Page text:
In a separate bowl whisk together vinegar, olive oil, salt and pepper. Add Ragu and mix until well blended. Add to salad and toss until all pasta is covered. Serve right away at room temperature or chill to serve cold.
Friday, June 6, 2008
I’ve been goofing off and not posting lately so I'll include two recipes this time to try to make up for it. Actually goofing off isn’t entirely correct. I’ve been writing my fingers to the bone for my paying job and using any spare time I have to work on my novel and there’s only so much even I can write.
The most fun food experience of the week was at the Cape Cod Life Food & Wine Festival. My hubby scored us some tickets and we had a great time sampling food and wine at the Rectrix Aerodrome at Barnstable Airport. Twenty four restaurants participated and the chefs outdid themselves.
There's a strategy to getting the most out of a food show and the most important thing is to scan the offerings and make sure to try your favorite things first before they run our or you get too full. We heard that the Beachcomber was serving up some generous sized lobster salad rolls so we headed there first and discovered they had a fountain of Goombay Smash Caribbean cocktails.
This was a trip down memory lane. When I was 13, my parents went on a trip to the Bahamas and after they got home, they mixed up a bunch of these tasty treats for all the neighbors. I snuck a taste and thought they were pure yum. Still are.
The Beachcomber also offered plates of the little mini raw bar items you see above, with an oyster, clam and shrimp. Definitely a favorite booth. Then we moved on to Ardeo Grille for some Mediterranean treats like stuffed grape leaves and tasty salads.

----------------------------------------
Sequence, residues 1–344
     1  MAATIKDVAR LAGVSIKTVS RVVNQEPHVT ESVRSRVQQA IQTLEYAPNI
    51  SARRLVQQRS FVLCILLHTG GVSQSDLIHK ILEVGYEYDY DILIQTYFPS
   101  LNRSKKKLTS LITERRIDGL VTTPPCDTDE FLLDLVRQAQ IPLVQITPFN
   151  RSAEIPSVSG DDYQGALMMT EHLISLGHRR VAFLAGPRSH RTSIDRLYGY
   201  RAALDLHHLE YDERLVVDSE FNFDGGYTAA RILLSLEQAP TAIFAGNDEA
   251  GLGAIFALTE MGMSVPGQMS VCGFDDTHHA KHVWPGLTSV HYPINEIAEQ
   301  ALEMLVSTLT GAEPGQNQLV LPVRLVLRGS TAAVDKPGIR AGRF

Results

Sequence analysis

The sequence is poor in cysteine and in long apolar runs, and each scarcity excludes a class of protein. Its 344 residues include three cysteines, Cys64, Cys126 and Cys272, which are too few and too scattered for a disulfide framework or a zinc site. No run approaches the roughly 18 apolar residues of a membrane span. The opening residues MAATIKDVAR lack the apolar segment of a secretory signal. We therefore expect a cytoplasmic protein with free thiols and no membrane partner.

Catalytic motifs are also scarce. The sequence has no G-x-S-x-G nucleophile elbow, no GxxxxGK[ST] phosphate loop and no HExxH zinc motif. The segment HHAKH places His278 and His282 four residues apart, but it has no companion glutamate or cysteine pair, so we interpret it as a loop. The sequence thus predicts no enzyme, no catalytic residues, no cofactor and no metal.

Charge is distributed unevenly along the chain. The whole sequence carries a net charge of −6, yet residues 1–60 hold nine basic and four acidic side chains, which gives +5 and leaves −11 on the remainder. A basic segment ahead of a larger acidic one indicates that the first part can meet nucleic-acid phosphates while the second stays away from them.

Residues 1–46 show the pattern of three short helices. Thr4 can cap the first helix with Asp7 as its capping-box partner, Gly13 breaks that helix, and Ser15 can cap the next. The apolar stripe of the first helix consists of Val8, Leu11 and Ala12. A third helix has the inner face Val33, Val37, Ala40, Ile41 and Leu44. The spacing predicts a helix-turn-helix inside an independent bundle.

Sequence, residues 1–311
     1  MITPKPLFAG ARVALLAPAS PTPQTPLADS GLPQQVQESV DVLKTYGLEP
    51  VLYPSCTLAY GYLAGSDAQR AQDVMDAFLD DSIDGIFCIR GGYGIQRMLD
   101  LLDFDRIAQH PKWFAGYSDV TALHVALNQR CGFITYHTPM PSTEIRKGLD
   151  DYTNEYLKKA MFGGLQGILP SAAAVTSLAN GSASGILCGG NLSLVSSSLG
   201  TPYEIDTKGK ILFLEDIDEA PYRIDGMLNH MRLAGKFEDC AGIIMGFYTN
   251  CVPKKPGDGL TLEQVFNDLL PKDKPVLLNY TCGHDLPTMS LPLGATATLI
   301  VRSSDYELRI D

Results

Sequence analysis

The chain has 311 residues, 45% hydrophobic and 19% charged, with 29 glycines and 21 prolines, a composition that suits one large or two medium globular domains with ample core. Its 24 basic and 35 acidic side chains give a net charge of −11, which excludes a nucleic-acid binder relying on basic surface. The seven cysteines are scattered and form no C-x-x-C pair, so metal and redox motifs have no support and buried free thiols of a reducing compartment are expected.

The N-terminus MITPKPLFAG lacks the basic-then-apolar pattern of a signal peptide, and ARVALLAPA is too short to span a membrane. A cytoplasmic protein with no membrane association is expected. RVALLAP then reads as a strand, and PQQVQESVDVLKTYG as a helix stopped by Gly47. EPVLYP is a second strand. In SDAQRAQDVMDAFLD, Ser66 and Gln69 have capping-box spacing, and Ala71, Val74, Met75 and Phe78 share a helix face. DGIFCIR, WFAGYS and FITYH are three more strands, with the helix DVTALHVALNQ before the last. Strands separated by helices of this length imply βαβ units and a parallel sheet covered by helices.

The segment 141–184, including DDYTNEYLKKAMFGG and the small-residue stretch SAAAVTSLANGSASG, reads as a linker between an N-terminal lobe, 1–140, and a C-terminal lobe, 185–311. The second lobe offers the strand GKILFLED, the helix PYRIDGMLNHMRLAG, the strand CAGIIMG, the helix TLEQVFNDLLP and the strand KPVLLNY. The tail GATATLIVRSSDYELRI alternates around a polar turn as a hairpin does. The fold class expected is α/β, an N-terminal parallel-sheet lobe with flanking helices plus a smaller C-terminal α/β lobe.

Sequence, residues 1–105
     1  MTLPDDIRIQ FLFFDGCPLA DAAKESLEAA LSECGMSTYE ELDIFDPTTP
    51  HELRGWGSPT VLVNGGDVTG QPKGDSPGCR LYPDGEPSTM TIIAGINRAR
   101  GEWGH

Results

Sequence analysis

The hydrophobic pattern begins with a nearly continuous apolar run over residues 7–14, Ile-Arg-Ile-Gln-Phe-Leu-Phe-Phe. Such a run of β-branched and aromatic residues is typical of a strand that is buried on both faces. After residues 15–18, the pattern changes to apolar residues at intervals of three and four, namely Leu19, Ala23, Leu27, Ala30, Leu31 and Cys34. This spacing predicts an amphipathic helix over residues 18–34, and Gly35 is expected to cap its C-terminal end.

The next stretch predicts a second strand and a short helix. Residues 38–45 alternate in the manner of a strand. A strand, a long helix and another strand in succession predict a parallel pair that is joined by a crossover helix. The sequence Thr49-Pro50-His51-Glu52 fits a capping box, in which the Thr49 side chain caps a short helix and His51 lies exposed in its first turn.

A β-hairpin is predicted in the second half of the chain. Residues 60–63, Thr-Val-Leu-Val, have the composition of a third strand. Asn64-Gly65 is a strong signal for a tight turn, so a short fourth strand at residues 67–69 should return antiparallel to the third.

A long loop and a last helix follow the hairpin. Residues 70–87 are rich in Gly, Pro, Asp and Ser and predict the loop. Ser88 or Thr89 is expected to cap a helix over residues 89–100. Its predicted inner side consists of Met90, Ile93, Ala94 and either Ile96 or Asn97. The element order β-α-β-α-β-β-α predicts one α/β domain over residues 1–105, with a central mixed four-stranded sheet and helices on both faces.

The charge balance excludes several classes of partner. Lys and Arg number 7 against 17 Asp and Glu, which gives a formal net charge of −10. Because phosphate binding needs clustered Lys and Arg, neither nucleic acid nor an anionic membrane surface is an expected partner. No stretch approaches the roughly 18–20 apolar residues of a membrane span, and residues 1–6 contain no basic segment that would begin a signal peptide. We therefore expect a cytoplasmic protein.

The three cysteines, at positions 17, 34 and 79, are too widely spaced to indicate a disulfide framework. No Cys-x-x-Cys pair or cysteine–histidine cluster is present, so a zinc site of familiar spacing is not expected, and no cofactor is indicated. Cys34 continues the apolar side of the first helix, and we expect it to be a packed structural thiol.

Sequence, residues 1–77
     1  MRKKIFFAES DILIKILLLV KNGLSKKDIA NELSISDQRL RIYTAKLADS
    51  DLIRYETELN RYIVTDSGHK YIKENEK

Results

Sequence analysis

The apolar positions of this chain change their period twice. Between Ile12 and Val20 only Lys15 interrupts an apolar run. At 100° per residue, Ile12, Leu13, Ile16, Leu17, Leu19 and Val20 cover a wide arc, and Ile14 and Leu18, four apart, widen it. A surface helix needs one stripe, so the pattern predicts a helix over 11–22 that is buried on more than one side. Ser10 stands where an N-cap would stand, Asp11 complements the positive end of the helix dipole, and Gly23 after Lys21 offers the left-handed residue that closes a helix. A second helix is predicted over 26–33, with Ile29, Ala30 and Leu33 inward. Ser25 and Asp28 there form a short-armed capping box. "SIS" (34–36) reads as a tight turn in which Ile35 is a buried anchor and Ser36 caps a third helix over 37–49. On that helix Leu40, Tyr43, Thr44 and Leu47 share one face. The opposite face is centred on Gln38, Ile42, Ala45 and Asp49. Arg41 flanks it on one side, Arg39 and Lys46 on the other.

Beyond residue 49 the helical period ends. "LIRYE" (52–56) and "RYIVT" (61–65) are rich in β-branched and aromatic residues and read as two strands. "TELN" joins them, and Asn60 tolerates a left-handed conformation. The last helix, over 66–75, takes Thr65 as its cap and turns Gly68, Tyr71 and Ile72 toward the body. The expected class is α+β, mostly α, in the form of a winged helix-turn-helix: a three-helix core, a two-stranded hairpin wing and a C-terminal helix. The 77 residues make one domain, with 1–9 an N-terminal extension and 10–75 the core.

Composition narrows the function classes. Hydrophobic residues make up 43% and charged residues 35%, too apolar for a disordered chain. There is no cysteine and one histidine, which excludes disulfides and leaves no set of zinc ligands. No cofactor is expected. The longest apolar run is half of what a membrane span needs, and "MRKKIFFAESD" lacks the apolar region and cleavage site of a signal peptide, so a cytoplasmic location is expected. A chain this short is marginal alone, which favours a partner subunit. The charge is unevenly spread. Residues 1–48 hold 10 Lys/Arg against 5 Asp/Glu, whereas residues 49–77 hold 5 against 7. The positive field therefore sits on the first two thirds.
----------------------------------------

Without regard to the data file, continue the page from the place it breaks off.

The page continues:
The Old Yarmouth Inn had the most creative dishes with appetizers that looked like dessert. They had beets layered with goat’s cheese and mini potatoes with the tops sliced off and topped with a swirl of sour cream and caviar. They were as pretty as cupcakes.
There were some great cooking demonstrations by top chefs and I even got an early birthday dinner. Master of Ceremonies Billy Costa, asked all people with June birthdays to step forward. It was like getting picked on Emeril. Us Junies got a front row seat to the demonstration and then we got to eat the food the chef prepared.
My chef was Gabriel Frasca, chef at Straight Wharf on Nantucket. Chef Frasca loves to use fresh and local ingredients (that’s my guy). He made us slow roasted salmon with spring vegetables. He sautéed asparagus, fava beans, fresh peas and morel mushrooms and topped them with a nice slab of salmon and garnished with herb butter and chive flower petals.
It was delicious and huge, especially after all the other food we had already tasted. Even though I shared it with my sweetie, we still couldn’t finish it.
As for the wine, the same advice applies. I didn't see alot of people spitting and really can you imagine anything grosser? The wine sellers only pour about two sips, and because I can't stand the waste of dumping out wine that is way out of my everyday budget, I drink the both sips. Since I can't take two sips out of hundreds of wines, I'm careful to only choose wines I really want to try. Best way to determine that? As you are tssting the food, ask other folks what their favorite wine was. Ours was an Italian French experimental Bordeaux called Rocca di Frassinello.
3/4 ounce Bacardi spiced rum
1/2 ounce Bacardi light rum
1/4 ounce apricot brandy
1/2 ounce coconut cream
2 ounces pineapple juice
Four large beets
Small package of goat’s cheese
Cut ends off beets. Oil and season beets and wrap them in aluminum foil. Bake at 350 degrees for one to one and a half hours, until tender. Cool beets completely. Peel beets and slice them into uniform thickness slices. Layer beet, goat cheese, beet, goat cheese, beet, goat cheese, beet. Place toothpick in four corners and quarter (or cut into whatever shapes you prefer with sharp knife.